To lay sod on a slope and get it to take root quickly, it’s important to keep the sod from slipping and provide it plenty of water and nutrients. To do so:
- Lay sod horizontally, with the “long” edge of the sod parallel to the slope.
- Use a lawn roller to remove air pockets from the sod.
- Use landscape staples to keep pieces of sod in place.
- Fertilize sloped areas after laying sod.
- Water sloped parts of the yard more frequently, as they dry out more quickly.
These same methods allow you to lay sod on contoured parts of your lawn, including uneven ground and drainage areas. These essential steps can encourage a healthy yard even if your lawn has extreme slopes.
5 Steps to Lay Sod Sod on a Slope
Sod installation on hillsides or other sloped areas can be especially challenging. Sod laid on slopes is prone to slipping, struggles to root, and dries out more easily. To establish a new sod lawn on a hillside, special steps must be taken to ensure success. Follow the steps below for the best results.
Lay Sod in the Right Direction
It’s crucial to consider which direction to lay sod when planning for a lush, healthy lawn. In order to help keep sod from slipping, lay your sod strips so that the longest edge is running parallel to the slope. It helps to think of the sod strips as bricks you are using to build a “wall” up the hillside.
- Lay sod so that the long straight edge runs lengthwise along the slope.
- Lay sod in a brick-like pattern, offsetting seams.
By laying sod in this pattern, it’s much less likely to slip, especially when rolled and watered in future steps. Sod laid in thin strips leading up a slope often slide when water gets beneath them.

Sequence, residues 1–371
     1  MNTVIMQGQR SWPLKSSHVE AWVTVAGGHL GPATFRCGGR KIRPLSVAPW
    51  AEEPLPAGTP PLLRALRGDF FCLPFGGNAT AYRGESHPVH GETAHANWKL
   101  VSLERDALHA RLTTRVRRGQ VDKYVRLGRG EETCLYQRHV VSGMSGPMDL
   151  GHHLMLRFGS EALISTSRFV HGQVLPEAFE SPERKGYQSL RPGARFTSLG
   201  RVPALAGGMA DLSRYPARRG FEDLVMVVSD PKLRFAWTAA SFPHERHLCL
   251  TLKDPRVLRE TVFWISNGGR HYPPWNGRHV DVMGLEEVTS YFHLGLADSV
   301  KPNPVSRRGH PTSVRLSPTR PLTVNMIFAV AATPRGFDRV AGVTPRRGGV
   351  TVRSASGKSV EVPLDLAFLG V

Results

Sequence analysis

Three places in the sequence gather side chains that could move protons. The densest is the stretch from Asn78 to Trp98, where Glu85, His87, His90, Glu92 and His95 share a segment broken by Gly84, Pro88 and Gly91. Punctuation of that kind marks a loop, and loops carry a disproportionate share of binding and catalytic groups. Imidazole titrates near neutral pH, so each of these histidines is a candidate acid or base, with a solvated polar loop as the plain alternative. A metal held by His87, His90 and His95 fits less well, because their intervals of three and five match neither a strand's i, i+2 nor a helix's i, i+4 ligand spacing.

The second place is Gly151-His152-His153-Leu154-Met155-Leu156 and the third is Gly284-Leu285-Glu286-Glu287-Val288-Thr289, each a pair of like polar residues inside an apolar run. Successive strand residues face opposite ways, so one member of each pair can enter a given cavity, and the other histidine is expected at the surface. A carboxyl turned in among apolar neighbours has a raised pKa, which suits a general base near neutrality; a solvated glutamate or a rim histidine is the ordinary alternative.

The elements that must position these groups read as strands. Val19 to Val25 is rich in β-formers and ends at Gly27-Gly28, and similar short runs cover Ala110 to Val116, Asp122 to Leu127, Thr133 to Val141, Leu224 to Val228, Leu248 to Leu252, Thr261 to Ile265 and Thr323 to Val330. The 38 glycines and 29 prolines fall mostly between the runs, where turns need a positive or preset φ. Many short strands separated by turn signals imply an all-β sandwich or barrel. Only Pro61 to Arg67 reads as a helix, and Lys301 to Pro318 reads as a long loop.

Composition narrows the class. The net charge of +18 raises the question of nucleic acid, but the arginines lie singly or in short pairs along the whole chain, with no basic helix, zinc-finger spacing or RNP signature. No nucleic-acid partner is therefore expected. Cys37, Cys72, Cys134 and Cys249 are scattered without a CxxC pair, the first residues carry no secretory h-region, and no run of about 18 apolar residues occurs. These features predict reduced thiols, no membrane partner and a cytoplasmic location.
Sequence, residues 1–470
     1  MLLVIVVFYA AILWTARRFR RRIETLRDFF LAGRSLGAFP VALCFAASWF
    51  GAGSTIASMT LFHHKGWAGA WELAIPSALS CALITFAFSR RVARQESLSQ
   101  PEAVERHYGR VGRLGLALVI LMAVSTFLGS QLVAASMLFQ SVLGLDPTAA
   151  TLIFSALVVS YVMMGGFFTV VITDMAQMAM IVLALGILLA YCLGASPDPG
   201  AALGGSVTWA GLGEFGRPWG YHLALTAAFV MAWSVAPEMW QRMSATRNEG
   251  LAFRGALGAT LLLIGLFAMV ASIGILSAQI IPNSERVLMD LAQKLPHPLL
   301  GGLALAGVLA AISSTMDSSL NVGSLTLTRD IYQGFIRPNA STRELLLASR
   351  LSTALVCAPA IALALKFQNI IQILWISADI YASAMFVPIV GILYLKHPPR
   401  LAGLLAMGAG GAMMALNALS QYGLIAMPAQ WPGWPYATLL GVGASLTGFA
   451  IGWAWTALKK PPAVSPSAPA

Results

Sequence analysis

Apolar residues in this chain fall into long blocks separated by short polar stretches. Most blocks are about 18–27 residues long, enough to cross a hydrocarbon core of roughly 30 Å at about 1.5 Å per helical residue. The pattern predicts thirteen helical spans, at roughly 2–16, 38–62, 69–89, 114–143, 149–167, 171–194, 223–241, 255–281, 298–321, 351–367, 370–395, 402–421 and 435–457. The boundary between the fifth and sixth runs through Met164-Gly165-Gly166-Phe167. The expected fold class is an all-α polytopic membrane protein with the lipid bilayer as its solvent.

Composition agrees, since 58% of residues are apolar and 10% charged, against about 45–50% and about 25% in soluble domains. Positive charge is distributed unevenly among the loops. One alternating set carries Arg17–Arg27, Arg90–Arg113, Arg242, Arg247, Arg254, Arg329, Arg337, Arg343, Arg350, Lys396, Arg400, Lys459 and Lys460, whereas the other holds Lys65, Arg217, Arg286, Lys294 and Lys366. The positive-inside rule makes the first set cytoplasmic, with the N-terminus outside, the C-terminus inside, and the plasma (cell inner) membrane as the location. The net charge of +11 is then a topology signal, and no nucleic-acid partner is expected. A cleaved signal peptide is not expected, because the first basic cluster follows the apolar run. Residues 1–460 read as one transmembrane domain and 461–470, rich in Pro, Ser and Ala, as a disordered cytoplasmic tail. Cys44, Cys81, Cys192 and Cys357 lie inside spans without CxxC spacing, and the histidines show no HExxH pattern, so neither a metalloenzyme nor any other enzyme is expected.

Roll Out Air Pockets
Because of the uneven ground of a slope, sod often struggles to take root. This makes using a lawn roller to remove air pockets and press to sod to the soil below even more essential than in other parts of your yard.
- Use this lawn roller to roll out air pockets and ensure sod-to-soil contact.
- When rolling sod on a slope, always pull the roller behind you as you walk uphill. This will prevent a runaway roller from causing injury.
- Pulling a roller uphill is hard work. You may need to reduce the weight of the roller by pouring out some of the water.
Rolling out air pockets is one of the most commonly forgotten steps of sod installation, but it’s crucial to success. Sod installed on a slope and left unrolled can struggle to take root. This causes sod slippage, dry sod, and grass death.
Fix Sod in Place
On steep hills, even carefully installed and rolled sod may have a tendency to slip during watering or rainfall. The good news is, you can prevent this by pinning the sod in place.
- Pin sod to the ground below using these landscape staples.
- Pin sod pieces at the corners, focusing on the steepest portions of the slope.
- Leave 1–2 inches of staple visible above the surface. This will make finding and removing them easier once sod has rooted.
- Remove all staples before mowing new sod for the first time (2–3 weeks after installation).
Although some choose to use stakes or pegs to keep sod in place on a hillside, landscape staples are far less damaging to your sod. They’ll also help maintain that sod-to-soil contact you established in step 2.
Fertilize Sloped Areas